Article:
There was a time (nobody under the age of 30 can remember it) when public service broadcasters ruled the roost. They were well-funded, comfortably tied to establishments, and enjoyed approval—or at least were not resisted—to degrees that were unhealthy for everyone involved. And we were all involved, because there were so few alternative providers of television programs about our own societies, in our own languages.
How this has changed. Like other traditional media, most public broadcasters now struggle for stable funding and loyal customers. Strapped for cash, they cannot be selective about their statutory duties to inform, educate, and entertain the people. Investment in technology is lacking. Internal morale is usually low. Flagrant politicization is no longer calmly endured by the audience, which deserts them for new platforms. Younger people especially are unimpressed by public service output, offline and even online.
Public service broadcasting in most European countries seems to be a vestige of the postwar social model: something that has mysteriously outlived other features of that model, such as public ownership of utilities, robust regulation of financial services, and the dream of full employment, but is equally doomed.
Yet public service broadcasting does deliver important social and democratic values. This is true beyond the handful of countries where national broadcasters have a solid reputation for quality and impartiality, like in Britain. Comparative research cited in a 2012 report by the British Academy argued strongly that exposure to their news increased political knowledge among all sections of the population, even those with low levels of interest in politics; that their news output is more plentiful and more likely to be “hard”; that they show more domestic content; and that the good ones can drive up quality across an entire media system.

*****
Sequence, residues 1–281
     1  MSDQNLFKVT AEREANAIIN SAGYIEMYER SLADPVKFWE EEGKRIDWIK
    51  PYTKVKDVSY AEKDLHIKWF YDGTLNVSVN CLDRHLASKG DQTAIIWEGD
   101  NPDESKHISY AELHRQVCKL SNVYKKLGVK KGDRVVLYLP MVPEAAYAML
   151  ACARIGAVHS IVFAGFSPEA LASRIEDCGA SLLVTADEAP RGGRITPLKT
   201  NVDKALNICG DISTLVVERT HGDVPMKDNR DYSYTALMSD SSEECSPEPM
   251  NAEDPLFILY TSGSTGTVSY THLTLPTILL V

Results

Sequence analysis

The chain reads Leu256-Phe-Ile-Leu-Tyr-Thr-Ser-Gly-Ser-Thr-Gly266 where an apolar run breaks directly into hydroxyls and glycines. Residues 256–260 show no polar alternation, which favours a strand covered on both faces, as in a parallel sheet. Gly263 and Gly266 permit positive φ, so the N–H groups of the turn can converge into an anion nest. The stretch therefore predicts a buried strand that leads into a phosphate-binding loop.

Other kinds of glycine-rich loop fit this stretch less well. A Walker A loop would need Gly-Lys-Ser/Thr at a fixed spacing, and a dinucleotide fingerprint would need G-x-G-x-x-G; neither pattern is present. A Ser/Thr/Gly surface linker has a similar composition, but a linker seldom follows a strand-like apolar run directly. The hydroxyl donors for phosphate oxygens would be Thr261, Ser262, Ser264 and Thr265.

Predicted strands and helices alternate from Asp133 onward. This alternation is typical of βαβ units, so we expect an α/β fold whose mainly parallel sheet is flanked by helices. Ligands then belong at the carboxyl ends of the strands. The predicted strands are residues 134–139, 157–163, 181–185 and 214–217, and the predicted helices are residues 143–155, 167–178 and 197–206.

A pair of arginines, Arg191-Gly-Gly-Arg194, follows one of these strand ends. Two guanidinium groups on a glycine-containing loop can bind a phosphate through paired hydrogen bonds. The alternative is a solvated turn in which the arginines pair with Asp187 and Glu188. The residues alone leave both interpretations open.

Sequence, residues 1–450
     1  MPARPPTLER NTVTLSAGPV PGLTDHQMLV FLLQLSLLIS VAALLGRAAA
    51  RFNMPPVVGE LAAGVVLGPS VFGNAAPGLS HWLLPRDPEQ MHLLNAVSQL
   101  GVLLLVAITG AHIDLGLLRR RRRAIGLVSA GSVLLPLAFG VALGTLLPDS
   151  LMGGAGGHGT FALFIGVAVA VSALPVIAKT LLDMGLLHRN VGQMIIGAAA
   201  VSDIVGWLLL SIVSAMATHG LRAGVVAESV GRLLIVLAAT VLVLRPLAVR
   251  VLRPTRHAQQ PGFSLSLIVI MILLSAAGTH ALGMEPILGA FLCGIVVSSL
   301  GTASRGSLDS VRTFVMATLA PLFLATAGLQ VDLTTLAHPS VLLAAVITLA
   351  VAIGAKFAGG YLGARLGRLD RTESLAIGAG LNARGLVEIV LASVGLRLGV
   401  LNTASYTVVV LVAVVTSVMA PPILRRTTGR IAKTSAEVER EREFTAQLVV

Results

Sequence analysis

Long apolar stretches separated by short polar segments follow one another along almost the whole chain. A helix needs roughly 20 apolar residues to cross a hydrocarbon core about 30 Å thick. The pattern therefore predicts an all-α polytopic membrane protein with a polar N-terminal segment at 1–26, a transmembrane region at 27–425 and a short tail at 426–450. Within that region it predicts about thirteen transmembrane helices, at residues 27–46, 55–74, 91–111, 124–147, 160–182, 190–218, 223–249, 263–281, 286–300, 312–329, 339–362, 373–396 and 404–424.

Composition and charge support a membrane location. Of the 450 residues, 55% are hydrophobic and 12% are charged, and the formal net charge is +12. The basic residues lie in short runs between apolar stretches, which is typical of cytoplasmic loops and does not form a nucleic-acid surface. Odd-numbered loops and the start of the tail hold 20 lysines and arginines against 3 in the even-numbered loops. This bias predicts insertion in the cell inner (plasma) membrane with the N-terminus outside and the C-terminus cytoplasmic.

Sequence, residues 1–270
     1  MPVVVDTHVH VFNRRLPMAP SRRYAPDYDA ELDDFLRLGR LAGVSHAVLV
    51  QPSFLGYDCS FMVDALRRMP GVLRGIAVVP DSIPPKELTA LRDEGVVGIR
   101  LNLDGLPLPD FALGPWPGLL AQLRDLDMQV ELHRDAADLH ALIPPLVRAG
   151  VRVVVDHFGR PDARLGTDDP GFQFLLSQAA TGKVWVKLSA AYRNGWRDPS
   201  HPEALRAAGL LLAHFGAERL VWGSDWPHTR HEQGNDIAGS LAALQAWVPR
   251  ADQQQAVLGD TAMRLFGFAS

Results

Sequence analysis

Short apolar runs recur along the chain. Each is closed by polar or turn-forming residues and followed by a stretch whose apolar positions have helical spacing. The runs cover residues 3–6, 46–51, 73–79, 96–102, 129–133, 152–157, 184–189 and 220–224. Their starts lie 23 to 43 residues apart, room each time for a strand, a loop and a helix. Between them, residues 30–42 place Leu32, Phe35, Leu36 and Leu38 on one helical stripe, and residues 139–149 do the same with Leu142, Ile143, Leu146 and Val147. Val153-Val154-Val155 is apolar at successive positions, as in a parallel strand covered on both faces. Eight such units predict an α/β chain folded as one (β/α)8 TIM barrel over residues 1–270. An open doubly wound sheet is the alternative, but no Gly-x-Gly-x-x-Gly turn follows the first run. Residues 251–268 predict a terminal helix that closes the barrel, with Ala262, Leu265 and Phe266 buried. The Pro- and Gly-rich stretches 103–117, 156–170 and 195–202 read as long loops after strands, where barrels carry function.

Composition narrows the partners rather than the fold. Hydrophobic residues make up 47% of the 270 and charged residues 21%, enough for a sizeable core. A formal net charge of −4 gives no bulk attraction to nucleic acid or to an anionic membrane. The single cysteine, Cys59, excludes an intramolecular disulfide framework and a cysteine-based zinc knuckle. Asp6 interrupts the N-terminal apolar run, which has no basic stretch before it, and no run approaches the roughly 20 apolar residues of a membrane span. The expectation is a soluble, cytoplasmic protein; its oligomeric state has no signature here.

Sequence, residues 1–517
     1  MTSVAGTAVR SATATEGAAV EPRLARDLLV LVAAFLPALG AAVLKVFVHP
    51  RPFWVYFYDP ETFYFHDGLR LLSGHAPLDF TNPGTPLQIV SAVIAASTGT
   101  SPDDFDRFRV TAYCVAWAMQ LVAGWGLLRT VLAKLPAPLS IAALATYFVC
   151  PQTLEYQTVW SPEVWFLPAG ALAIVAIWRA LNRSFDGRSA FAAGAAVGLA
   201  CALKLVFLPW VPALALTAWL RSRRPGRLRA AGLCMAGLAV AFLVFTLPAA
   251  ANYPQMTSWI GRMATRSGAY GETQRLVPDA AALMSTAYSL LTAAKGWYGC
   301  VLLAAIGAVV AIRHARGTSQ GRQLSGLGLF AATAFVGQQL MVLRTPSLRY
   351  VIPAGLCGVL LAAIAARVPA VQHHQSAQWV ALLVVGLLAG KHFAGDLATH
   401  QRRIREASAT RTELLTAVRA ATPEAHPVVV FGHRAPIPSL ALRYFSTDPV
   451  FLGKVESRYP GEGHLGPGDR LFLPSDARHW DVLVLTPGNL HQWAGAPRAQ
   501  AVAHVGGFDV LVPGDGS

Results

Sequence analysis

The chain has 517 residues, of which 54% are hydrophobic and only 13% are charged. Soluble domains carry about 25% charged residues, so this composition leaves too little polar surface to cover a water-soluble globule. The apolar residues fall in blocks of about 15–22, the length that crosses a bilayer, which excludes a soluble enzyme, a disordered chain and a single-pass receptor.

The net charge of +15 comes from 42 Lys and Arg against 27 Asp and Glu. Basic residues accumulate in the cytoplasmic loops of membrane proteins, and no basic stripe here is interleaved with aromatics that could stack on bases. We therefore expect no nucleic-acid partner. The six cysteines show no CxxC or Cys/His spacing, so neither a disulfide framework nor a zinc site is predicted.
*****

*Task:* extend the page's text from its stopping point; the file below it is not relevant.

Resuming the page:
The Mapping Digital Media research, coordinated by the Program on Independent Journalism of the Open Society Foundations, found that share and reach of state and public service broadcasters fell in most of the 56 countries it studied between 2005 and 2010.
This study also assessed the performance of public service media in Central and Eastern Europe as bad. Many governments have transformed the state media, not into independent broadcasting services run by professionals to serve the public, but into their propaganda machinery. However, the latest research into the record of international support for media reform in the Western Balkans concluded that societies and institutions that received a stronger push through external assistance or even direct intervention were able to “travel” faster and further from the state-owned media model to the public-service model than those that were primarily driven by domestic, endogenous drives for change. Things may be grim, but they would be worse without outside help.
The real news is that well-run, trusted public service broadcasters can still thrive, and they do so in Canada and Sweden. Established public service broadcasters that have developed a compelling offer on new platforms are now among the very biggest providers of news. In Asia, Japan’s NHK remains a paragon of solid public service journalism. It delivers copious amount of news programming and is generally viewed as the most trustworthy source of information in the country.
Other remarkable cases are Thailand, where Thai PBS has pioneered genuine public service broadcasting in Southeast Asia, and Uruguay, where digital policy has found creative ways to extend and diversify public service output. Praise has also been earned by public service television in tiny Moldova, a republic sandwiched between Romania and Ukraine. After the communist party lost power there in 2009, the public broadcaster transformed its editorial policy and began to produce increasingly independent journalism.
Across the world, voices calling for reform of the woeful public service media are becoming louder. Agustín Ramírez, head of the Mexican Association of the Right to Information (AMEDI), slammed the Congress in June 2014 for excluding public media from telecommunications reform. In Egypt, local civil society groups have loudly voiced their concerns for the future of the public broadcasting dinosaur, ERTU, which two years ago employed a staff of 46,000—double the BBC’s worldwide staff.
By and large, the state-to-public media transition has been badly served by governments. It always needed—and never had—national consultations of the kind that precede a broad constitutional reform. Public broadcasting can shape a nation’s values and quality of citizenship as much as its main laws and regulations. Hence, any reform should perhaps focus less on how the ideal institution should be, and more on the inclusive process for building it.